Give us a call

Lower Mainland:
Vancouver Island:
Southern Interior:

Roasted Beet Salad with Pumpkin Seeds

Course: Salads & Sides


  • 1 kg fresh whole beets
  • 1/4 large onion
  • 2 tbsp olive oil
  • 1 tbsp honey
  • 1 tsp Dijon mustard
  • 2 tbsp lemon juice, freshly squeezed
  • 1/4 cup pumpkin seeds (toasting optional)
  • Generous pinch of salt
  • Baby spinach (optional)


  • Preheat oven to 450ºF. Peel beets; cut into batons about 3 inches long and ¼ inch thick. Set aside beet greens for serving (if purchased in tact). Toss beets and onion with olive oil; place on a cookie sheet. Roast for 20-25 minutes, stirring occasionally, or until onion is brown tipped. Cool to room temperature.
  • Stir honey with mustard in a medium bowl until combined; slowly whisk in lemon juice and salt. Add beets and onions, including any liquid; gently toss to coat.
  • If making ahead, cover and refrigerate salad for up to 2 days; bring to room temperature before serving. Serve on a bed of tender beet greens or baby spinach generously scattered with pumpkin seeds.


Nutritional Value of Select Ingredients
Beets – The beetroot is an excellent source of folic acid, and a great source of fibre, manganese, and potassium. It is an excellent tonic for the liver, has anti-cancer properties, increase bowel function, and decrease cholesterol levels. The greens are even higher in nutritional value than the roots; they are rich in calcium, iron, and vitamins A and C.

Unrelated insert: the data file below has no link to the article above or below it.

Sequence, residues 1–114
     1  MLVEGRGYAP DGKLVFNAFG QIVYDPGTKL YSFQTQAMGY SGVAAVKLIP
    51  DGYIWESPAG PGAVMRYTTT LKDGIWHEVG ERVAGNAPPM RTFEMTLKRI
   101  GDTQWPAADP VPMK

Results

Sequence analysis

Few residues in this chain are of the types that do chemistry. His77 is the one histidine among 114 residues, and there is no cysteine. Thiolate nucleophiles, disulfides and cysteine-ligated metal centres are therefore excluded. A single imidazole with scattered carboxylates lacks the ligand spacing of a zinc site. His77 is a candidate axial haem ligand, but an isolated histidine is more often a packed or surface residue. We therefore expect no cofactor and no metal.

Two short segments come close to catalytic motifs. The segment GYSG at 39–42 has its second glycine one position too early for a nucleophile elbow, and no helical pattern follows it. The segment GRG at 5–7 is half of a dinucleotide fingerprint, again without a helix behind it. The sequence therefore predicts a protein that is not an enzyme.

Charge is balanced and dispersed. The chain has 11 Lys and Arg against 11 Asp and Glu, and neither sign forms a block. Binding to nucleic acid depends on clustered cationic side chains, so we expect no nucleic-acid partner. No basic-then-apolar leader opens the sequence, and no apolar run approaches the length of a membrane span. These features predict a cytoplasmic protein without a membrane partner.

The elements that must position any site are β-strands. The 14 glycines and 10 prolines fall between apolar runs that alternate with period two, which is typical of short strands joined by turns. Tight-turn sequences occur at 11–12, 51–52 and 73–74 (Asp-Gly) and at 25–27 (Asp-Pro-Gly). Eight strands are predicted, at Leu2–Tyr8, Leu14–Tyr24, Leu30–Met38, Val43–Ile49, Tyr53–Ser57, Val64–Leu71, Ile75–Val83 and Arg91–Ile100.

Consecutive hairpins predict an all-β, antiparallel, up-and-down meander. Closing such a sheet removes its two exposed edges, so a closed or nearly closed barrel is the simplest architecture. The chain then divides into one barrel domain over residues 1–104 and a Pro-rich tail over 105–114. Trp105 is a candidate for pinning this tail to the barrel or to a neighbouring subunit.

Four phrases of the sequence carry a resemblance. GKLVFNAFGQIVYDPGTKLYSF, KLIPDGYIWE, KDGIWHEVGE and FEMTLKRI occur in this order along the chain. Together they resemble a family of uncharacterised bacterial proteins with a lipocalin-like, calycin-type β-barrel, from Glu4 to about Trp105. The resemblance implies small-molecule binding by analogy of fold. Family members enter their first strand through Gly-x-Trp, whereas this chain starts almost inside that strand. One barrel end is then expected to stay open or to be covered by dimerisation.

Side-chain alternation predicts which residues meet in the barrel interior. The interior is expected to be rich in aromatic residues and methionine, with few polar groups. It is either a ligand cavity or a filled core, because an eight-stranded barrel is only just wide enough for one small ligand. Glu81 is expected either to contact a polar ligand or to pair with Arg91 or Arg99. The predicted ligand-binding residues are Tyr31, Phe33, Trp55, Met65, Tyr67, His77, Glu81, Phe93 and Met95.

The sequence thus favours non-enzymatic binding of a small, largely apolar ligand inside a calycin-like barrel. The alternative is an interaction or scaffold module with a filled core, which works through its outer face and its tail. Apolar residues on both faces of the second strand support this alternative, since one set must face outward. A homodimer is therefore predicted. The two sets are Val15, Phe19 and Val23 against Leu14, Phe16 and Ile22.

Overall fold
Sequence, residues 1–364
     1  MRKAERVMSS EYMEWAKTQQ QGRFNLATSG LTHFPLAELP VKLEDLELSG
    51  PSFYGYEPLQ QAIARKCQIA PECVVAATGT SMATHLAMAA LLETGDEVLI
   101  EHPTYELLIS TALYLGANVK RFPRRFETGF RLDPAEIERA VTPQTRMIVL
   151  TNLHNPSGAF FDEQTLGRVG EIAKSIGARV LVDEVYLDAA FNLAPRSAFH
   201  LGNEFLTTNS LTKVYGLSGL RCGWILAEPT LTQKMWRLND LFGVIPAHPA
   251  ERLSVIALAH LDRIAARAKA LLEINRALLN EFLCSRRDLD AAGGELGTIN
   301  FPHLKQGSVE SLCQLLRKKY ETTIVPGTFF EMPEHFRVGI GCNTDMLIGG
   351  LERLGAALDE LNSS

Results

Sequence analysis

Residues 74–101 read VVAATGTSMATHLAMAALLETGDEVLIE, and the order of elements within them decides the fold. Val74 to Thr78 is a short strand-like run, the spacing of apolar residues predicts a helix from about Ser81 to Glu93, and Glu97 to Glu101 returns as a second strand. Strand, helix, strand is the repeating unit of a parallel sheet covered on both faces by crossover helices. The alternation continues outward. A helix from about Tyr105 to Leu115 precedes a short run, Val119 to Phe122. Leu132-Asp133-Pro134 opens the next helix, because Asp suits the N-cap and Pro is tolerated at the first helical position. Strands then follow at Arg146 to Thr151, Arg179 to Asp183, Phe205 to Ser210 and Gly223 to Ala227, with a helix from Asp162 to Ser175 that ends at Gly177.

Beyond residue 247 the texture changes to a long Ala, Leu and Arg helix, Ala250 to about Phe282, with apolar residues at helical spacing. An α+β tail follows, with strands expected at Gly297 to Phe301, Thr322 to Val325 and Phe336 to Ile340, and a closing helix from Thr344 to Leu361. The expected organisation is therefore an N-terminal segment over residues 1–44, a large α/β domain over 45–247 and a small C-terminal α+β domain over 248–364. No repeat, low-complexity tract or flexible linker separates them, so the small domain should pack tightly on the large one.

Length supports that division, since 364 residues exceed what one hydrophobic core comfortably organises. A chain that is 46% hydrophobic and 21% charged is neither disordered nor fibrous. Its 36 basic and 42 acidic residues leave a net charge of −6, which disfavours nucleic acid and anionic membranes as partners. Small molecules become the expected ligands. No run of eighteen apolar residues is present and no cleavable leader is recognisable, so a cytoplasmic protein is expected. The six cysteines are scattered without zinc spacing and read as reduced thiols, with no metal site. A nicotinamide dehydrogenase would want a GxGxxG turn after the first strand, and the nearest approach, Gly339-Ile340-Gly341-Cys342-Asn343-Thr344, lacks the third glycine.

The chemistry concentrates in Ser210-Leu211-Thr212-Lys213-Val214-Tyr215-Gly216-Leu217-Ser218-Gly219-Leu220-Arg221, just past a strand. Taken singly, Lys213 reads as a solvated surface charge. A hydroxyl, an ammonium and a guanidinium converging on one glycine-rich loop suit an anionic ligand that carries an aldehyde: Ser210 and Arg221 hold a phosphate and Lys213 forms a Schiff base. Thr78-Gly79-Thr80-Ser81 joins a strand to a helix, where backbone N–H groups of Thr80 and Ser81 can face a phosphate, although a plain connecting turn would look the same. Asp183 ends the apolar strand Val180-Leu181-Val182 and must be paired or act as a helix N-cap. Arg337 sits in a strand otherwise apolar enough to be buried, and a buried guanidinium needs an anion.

Onions – Because they are high in sulfur, onions help lower cholesterol, inhibit cancerous tumor growth, help manage diabetes, and are an anti-inflammatory, antibacterial, and antifungal food that are also a blood tonic. Eat them daily – raw or cooked.
Olive Oil – Cold pressed extra virgin olive oil is an excellent source of monounsaturated fatty acids, making this oil quite stable for medium temperature cooking. It has a good variety of vitamins and minerals, and can help lower LDL cholesterol, control blood pressure, and aid in diabetes.
Pumpkin Seeds – These mighty seeds actually contain more iron than liver by weight, and are an excellent source of essential fatty acids (EFA’s), protein, calcium, and phosphorus. They are commonly used to alleviate prostate problems, as they are high in zinc. They are also antiparasitic and used to combat intestinal worms.
Adapted from Food & Drink Magazine, Autumn 2007